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Seating principles

A properly seated child is able to engage in everyday activities. Proper support provides a good seating position and at the same time it allows freedom of movement. A supportive seating system allows the user to see around themselves and be at eye level with their peers. This may seem easy to do but may be difficult to accomplish. Many things need to be taken into consideration to achieve a proper fit.

A good seating position must:

  • promote correct posture
  • prevent pressure points
  • be comfortable
  • be supportive

A well-fitted seating postion provides:

  • stability
  • comfort
  • adequate and essential support
  • freedom of movement
  • the user the ability to interact with peers

Further it is important to notice that the best possible seating position:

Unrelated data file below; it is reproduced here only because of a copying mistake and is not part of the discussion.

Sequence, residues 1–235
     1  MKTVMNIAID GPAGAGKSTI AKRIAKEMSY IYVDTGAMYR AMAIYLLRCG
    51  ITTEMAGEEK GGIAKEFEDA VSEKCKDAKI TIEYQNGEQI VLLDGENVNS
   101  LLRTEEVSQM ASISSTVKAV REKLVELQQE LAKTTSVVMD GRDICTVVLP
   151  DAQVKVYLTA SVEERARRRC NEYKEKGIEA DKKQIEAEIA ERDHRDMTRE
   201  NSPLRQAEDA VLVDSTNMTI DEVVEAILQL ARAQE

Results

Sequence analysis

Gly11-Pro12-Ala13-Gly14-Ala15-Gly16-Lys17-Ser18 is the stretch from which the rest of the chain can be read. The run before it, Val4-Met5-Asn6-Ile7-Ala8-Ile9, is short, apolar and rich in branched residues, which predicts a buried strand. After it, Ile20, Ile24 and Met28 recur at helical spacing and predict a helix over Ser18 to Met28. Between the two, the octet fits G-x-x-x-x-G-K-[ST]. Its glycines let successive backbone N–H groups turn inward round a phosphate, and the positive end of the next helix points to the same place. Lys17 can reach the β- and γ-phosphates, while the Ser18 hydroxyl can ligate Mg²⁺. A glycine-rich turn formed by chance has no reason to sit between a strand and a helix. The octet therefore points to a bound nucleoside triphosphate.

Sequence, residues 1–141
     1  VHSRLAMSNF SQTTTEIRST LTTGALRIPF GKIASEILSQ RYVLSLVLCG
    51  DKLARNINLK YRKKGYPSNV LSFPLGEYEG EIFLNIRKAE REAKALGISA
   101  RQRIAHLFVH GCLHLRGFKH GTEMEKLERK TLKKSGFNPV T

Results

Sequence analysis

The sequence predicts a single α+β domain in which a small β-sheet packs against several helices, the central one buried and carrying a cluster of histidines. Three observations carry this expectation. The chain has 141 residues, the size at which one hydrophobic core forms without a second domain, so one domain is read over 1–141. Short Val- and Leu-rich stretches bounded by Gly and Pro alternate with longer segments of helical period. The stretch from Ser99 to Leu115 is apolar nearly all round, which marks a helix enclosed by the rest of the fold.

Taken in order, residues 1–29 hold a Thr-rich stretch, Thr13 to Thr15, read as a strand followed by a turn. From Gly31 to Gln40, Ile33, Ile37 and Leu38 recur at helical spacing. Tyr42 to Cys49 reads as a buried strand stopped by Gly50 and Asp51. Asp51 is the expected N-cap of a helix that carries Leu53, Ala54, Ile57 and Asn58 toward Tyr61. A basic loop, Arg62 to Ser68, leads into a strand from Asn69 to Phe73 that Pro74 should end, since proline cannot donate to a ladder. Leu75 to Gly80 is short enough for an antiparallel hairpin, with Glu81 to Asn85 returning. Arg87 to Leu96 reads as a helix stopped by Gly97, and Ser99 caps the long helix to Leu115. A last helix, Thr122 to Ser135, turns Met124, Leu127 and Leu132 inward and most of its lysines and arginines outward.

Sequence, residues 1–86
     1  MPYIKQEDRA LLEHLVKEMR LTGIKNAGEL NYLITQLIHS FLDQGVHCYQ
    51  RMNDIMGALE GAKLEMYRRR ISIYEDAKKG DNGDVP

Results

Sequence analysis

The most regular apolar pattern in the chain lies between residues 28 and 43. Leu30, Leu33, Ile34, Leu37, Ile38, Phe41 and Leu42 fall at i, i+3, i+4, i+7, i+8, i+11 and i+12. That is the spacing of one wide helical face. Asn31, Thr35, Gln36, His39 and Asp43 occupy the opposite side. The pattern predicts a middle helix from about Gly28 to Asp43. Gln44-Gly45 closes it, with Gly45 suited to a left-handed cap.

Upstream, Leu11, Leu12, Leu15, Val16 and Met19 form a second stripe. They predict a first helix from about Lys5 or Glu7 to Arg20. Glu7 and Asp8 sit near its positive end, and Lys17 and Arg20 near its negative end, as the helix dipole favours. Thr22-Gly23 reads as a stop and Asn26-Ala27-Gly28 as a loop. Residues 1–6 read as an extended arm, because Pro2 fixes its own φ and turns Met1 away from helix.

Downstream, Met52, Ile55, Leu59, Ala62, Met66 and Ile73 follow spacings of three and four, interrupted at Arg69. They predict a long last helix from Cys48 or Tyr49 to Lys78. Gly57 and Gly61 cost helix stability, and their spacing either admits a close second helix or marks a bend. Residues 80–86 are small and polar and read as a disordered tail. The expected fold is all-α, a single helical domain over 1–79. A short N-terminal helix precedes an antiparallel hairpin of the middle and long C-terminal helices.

• maintain bodily functions such as digestion and respiration
  • minimize fatigue and promote functional activity
  • maximize independence, communication and activity

Three core elements:

  • Stable base Proper support of the pelvis, thighs and feet forms the foundation for stability.
  • Balance The placement of the trunk, shoulders and in some cases the head are crucial to balance.
  • Movement The free movement of the head, arms and hands provides the possibility of increased movement and improved function.